So if you're interested, click here!

Tuesday, May 25, 2010

Beauty in a Windsor knot

A woman folds a cloth; I am transfixed.

At our church, a long strip of coloured fabric – a stole – hangs over the lectern so that the tails face the congregation. The tails are sewn with images evoking the church season. On Sunday we celebrated Pentecost, so the stole was red and decorated with dancing flames.

And on Sunday, we had a guest preacher. As happens every week, the preacher placed the stole over his shoulders before speaking. As happens every week, when he finished he placed the stole back on the lectern before returning to his seat in the congregation. And although he didn't just flop the stole back onto the lectern and although it wasn't left in a crumpled heap, it was crooked and awkwardly short, and the hand sewn flames were no longer visible.

After the sermon, we have a time to pray at different stations around the room. While people slowly moved about the space, I saw a woman, the gifted seamstress who made the stole, walk quietly to the lectern, pick up the cloth, re-fold it with her skilful hands and, in a single flowing graceful movement, drape it perfectly over the lectern again.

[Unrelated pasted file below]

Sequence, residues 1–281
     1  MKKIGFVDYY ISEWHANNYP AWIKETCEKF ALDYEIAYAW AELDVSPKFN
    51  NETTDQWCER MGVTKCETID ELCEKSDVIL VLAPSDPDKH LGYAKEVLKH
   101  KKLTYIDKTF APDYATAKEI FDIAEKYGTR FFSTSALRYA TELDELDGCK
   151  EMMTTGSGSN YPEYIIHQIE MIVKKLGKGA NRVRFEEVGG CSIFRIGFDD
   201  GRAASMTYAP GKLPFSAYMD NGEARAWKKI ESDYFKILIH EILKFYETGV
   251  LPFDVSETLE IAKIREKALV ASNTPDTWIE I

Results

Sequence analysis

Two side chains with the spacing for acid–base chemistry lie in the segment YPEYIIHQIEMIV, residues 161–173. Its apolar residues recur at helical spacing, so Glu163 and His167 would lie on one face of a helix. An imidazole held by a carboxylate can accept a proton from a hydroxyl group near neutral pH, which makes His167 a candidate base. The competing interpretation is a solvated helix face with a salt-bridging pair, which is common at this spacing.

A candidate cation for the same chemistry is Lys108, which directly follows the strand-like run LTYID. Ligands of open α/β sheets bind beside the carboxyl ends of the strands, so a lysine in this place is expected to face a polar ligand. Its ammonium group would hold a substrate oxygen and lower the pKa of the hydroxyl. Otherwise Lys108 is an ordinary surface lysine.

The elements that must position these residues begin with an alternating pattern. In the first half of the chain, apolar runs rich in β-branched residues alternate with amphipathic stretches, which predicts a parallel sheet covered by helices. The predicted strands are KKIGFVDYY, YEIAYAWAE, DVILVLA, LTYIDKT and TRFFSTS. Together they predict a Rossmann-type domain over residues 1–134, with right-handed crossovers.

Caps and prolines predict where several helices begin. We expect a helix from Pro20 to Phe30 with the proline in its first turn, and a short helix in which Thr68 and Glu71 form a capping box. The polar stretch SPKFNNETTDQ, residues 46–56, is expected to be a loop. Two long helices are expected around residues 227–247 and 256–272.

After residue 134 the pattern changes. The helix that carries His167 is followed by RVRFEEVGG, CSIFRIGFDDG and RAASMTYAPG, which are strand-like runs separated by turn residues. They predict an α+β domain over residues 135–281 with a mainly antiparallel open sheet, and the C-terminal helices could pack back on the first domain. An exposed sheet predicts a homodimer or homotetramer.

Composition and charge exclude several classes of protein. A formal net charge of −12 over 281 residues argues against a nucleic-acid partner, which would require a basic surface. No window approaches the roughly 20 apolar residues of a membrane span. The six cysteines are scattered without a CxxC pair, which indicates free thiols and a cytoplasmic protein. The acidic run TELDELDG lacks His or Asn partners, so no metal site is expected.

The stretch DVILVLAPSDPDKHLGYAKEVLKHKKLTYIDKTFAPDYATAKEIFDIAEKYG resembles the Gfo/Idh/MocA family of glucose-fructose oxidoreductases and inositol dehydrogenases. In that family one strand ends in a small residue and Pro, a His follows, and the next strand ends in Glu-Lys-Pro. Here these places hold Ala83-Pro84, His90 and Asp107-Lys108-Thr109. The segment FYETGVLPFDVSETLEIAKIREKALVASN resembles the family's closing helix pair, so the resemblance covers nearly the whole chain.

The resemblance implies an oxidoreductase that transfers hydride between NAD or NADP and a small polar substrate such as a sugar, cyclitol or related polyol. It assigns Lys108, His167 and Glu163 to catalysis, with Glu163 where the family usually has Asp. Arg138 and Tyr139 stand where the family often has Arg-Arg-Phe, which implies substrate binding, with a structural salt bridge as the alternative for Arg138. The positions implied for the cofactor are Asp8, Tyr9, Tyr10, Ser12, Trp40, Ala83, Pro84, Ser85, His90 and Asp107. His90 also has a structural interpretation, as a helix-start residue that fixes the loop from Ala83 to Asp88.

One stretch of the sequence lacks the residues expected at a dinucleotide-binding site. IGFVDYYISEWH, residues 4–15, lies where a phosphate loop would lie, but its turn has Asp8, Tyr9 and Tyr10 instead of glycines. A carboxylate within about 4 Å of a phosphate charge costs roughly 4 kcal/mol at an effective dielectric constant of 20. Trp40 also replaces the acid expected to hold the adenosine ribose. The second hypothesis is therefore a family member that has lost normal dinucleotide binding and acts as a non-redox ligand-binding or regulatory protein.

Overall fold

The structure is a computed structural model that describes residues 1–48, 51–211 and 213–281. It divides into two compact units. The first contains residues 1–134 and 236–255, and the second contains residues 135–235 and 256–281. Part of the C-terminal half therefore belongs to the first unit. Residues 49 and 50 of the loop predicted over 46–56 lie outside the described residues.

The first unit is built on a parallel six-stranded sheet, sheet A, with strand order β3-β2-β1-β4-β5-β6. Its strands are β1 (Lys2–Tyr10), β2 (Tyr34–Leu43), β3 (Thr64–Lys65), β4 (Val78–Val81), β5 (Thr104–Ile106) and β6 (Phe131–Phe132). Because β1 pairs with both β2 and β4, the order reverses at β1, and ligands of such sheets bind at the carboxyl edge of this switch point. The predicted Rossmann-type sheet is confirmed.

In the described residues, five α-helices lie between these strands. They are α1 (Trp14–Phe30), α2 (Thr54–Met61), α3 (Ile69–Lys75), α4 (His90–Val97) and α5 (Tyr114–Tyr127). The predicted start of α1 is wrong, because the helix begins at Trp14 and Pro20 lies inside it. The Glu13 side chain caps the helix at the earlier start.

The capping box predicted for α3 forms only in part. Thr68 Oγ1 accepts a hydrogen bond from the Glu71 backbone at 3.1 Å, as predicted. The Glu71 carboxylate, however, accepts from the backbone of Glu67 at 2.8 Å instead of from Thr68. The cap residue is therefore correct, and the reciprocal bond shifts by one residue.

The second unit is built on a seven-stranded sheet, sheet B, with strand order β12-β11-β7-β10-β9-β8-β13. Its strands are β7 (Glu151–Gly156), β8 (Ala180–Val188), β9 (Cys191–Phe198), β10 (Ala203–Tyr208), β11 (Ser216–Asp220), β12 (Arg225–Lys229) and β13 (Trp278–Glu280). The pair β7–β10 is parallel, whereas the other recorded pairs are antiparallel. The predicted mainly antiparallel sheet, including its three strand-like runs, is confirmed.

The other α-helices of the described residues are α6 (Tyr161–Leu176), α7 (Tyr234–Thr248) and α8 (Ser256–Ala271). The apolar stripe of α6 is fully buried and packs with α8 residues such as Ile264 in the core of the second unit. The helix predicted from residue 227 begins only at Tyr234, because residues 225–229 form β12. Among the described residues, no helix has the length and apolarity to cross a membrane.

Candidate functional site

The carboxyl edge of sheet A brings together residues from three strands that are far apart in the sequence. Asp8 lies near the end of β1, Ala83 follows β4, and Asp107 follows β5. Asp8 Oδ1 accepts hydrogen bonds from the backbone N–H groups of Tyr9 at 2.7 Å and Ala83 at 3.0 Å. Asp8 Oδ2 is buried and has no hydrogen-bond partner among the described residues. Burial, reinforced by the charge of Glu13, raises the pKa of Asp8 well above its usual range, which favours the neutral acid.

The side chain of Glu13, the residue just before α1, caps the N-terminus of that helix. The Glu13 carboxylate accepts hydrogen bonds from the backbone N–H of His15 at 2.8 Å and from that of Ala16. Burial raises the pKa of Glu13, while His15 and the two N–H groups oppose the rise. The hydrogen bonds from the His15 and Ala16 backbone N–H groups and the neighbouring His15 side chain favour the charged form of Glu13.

Because our worship space is flat and we worship in the round, her act was unobtrusive. Yet it was utterly beautiful, prayer lived out, and I was transfixed.

It took me back to stories of the women who tended the body of Jesus, or who found the tomb empty with the graveclothes neatly folded. I thought of Joseph and his coat of many colours and the gifted hands who sewed it for him. I was reminded of the time each week when we set the table for communion, and the cloth is floated over the table, then smoothed down ready for bread and wine.

And then I found myself thinking about how I toss sheets in the air and let them drift down onto a laughing baby as I make my children's beds each week. I thought of hanging out the washing, how I snap my husband's shirts to shake out the creases before hanging them up to dry. I recalled flipping a jacket around my daughter's shoulders and easing her arms into the sleeves, and the way I used to swaddle my babies, folding cloth around their bodies to hold them tight. I saw my husband putting on a tie, and knotting it with a flourish.

And why not?, I thought. Why not see the beauty in a Windsor knot and the expert hands that form it? Why not see the sacred in a square of cloth, in the snap of wet washing, in the dance of tea towels upon the line? Why not see it in the act of dressing a child? These things must be done, so why not pay attention to the way life crackles in the interplay of fabric and hands, bodies and cloth?